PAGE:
How to Calculate Silicon From Silica

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Silicon makes up 25.7 percent of the Earth's crust, by weight, and is exceeded in abundance only by oxygen. Silicon occurs principally in a family of silicate minerals and in sand. Silica is a common name for silicon dioxide, the principal material in sand. Silica is a chemical compound of silicon that contains the element oxygen. The weight percentage of silicon in silica can be calculated if you know the relative masses of silicon and oxygen.

    Find the atomic masses of silicon (symbol Si) and oxygen (symbol O). You can find them in the Periodic Table Of The Elements (See Resources.) Si appears near the top of the table on the right half of row 3. O appears above Si in row 2.

    Determine the molecular mass of silica by adding together the atomic masses of all the elements in a molecule of silica. Silica has the formula SiO2, which in chemical terms means that each molecule is composed of one silicon atom bonded to two oxygen atoms. Your calculation should then be: 28.0855 (Si) + (15.9994 (O) x 2) = 60.084.

    Calculate the weight-percentage of silicon in silica by dividing the atomic mass of silicon by the molecular mass of silica: Your calculation should be: 28.055/60.084 = 0.4669. Multiply this number by 100 to convert it to percent. Your final answer is: silica contains 46.69 percent silicon by weight.


    • Use the procedure to find the weight-percentage of silicon in hydrated forms of silica, know as silicic acid. For example, SiO2.2H20 has two water molecules bonded to each SiO2. The molecular mass of water (18) must be included in the calculation: 28.055/ (28 + 32 + (18 x 2)) = 0.29. Multiply this number by 100 to arrive at the answer: SiO2.2H20 is 29.2 percent silicon by weight. The Periodic Table is an important scientific tool, a chart of the known chemical elements organized by atomic number (the number of protons in the nucleus of each atom) and atomic mass (the total of protons and neutrons). By scientific convention, the masses of elements are represented as atomic mass units, defined relative to carbon (C) which is arbitrarily assigned mass 12.000.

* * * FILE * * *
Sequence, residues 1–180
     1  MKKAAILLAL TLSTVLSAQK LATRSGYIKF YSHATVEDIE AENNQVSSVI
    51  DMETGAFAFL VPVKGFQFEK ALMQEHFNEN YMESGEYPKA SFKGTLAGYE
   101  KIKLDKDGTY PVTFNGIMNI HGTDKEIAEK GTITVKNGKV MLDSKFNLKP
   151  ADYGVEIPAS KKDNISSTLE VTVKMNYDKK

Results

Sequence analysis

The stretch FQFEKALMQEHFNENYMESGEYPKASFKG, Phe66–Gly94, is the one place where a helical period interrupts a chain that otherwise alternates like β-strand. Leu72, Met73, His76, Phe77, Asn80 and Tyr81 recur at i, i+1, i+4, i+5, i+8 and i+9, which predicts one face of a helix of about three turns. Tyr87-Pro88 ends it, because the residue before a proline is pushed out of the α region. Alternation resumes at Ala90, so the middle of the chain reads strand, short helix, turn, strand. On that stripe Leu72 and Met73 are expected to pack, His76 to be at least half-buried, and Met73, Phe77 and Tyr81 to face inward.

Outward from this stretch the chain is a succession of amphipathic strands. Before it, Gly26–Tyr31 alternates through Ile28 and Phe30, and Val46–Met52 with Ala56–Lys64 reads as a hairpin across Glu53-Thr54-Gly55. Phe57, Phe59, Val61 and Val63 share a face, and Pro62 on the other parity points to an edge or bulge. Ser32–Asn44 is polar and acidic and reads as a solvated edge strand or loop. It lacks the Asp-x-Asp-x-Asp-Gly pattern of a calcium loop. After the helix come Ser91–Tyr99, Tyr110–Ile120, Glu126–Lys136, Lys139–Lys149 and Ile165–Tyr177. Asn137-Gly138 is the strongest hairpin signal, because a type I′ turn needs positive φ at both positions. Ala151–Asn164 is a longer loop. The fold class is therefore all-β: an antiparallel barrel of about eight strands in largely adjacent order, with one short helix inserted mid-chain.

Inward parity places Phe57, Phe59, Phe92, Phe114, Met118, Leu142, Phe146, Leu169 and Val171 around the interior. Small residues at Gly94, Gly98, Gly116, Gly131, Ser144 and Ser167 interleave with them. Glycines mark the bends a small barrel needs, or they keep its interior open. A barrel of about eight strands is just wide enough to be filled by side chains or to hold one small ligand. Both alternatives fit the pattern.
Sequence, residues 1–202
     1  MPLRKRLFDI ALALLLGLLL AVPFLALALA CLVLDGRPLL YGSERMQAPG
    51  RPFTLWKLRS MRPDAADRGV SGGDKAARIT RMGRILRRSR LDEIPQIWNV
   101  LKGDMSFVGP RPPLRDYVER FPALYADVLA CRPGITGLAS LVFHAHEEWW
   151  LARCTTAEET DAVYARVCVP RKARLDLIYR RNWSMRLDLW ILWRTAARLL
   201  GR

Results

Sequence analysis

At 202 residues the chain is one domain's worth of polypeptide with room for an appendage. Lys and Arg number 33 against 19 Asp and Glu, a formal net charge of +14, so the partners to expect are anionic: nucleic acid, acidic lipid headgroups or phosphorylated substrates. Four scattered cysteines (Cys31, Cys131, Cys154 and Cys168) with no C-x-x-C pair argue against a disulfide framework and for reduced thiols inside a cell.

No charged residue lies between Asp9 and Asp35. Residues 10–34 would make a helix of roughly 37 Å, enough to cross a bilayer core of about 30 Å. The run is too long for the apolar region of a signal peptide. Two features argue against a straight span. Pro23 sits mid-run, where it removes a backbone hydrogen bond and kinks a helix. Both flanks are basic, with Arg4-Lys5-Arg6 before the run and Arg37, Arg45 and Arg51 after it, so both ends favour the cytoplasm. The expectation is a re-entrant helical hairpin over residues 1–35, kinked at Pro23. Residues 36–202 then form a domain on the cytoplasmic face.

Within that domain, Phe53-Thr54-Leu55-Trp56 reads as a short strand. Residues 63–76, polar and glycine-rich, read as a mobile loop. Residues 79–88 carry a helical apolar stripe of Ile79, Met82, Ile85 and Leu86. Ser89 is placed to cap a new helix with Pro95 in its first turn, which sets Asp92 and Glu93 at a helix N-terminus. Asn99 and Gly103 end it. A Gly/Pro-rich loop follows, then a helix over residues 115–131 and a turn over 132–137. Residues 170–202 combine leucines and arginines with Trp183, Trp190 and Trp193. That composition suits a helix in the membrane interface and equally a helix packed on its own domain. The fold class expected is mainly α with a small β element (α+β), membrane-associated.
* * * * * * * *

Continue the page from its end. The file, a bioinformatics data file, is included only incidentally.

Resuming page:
About the Author

A Toronto native, Michael Merry began writing on health and fitness in 2010. He contributes to LIVESTRONG.COM, eHow, and Merry has an extensive background in chemical and metallurgical research, physics, nuclear radiation analysis, and associated technologies. He is an avid amateur astronomer, accomplished chess player, and a health and fitness enthusiast. Michael holds a Bachelor of Technology from Ryerson University.

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